My real reason for mentioning Rest and Be Thankful on here is because of the bus stop arrangements. Though the possibility of hailing a Scottish Citylink 926 or 976 anywhere along its route so long as the stopping place is a safe one, the A83 makes the operation tricky with all of the said road’s twists and turns as it weaves its way through the hills. That is partly the cause of Glasgow bound coaches stopping using a lay-by at the other side of the road. Anyone embarking on a return trip to Rest and Be Thankful should be told of the arrangement but I was ignorant of this because I had walked there and hailed the coach from the obvious side of the road. Because the A83 is busy anyway, I was none too surprised to see where the coach went, even it meant a dash across the thoroughfare on my part. I then got the explanation of the stopping arrangements so I thought that I’d share them here in case anyone plans to do something akin to what I did.
Perhaps confusingly, the 926 and 976 are operated by West Coast Motors in their livery. This follows a silly bus war last summer following Citylink’s decision to use Parks and Stagecoach in place of WCM, who had the work for quite a while. I have related the sorry tale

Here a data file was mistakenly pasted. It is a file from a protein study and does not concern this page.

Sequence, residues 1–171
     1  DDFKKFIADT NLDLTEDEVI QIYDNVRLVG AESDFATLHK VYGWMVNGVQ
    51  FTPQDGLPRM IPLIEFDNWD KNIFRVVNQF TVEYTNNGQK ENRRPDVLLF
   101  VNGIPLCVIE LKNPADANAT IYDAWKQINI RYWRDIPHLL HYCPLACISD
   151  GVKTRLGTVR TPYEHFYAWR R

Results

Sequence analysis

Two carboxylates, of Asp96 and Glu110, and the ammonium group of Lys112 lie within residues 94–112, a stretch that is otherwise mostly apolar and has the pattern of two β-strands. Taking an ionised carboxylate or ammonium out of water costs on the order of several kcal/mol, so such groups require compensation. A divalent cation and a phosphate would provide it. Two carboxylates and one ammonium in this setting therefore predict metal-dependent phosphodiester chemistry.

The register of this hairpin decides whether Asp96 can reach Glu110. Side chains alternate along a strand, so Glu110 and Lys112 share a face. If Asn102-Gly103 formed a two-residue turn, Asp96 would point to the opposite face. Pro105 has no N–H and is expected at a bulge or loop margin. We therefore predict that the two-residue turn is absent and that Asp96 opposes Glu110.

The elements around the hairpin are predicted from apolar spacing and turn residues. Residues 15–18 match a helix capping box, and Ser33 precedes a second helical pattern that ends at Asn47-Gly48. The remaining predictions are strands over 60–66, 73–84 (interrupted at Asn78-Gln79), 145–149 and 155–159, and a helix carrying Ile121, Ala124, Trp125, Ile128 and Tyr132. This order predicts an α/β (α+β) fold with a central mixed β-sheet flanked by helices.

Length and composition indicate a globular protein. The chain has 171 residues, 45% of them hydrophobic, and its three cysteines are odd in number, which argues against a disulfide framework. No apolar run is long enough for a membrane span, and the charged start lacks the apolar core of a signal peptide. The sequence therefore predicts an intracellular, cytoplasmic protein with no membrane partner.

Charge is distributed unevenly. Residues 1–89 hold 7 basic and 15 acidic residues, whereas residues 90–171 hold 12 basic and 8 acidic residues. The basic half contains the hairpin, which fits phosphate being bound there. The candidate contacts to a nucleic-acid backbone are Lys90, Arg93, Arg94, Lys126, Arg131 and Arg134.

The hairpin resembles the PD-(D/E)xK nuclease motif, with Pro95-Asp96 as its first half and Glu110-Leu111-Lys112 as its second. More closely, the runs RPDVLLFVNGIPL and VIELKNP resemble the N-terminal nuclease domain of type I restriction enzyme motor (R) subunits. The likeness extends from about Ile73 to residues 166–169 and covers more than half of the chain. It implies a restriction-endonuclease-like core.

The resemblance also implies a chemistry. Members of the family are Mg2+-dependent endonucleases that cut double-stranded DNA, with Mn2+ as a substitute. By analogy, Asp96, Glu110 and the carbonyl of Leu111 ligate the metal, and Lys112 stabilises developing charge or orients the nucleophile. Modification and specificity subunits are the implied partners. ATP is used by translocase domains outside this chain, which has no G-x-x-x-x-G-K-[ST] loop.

already but I am glad that an amicable conclusion was reached by both sides. The timetable is back to where it was last winter and it’ll be interesting to see what is planned for the coming summer, though I reckon that the current economic climate could curtail any ambitious plans. Whatever happens, let’s hope that wasteful bus wars can be avoided for the foreseeable future.
From 2022-07-10, High Peak will be operating revised timetables for several of its services around Derbyshire. The Saturday frequency for Buxton town services 185 and 186 will be reduced to hourly while Monday to Saturday evening journeys on service 199 will no longer service Manchester Airport. The Transpeak service will see changes too but there is no timetable available at the time of writing.
The timetable for service 61 will change because of road works on the A5004 near Fernilee. These are for repairs following landslides that occurred earlier this year and will continue until 2022-09-25. Because of these, the bus route will be altered as follows: the usual route between Glossop and Whaley Bridge until Horwich End Crossroads where it goes via the B5470, running non-stop through Chapel-en-le-Frith before taking the A6 into Buxton. During this time, there will be no service to Fernilee or other stops on the A5004 Long Hill.
12:21, June 27, 2022
From 2022-07-01 to 2022-07-04, Midland Classic will be operating a Timber Festival Special service between Lichfield and Moira or Coalville via Swadlincote. This will be numbered X10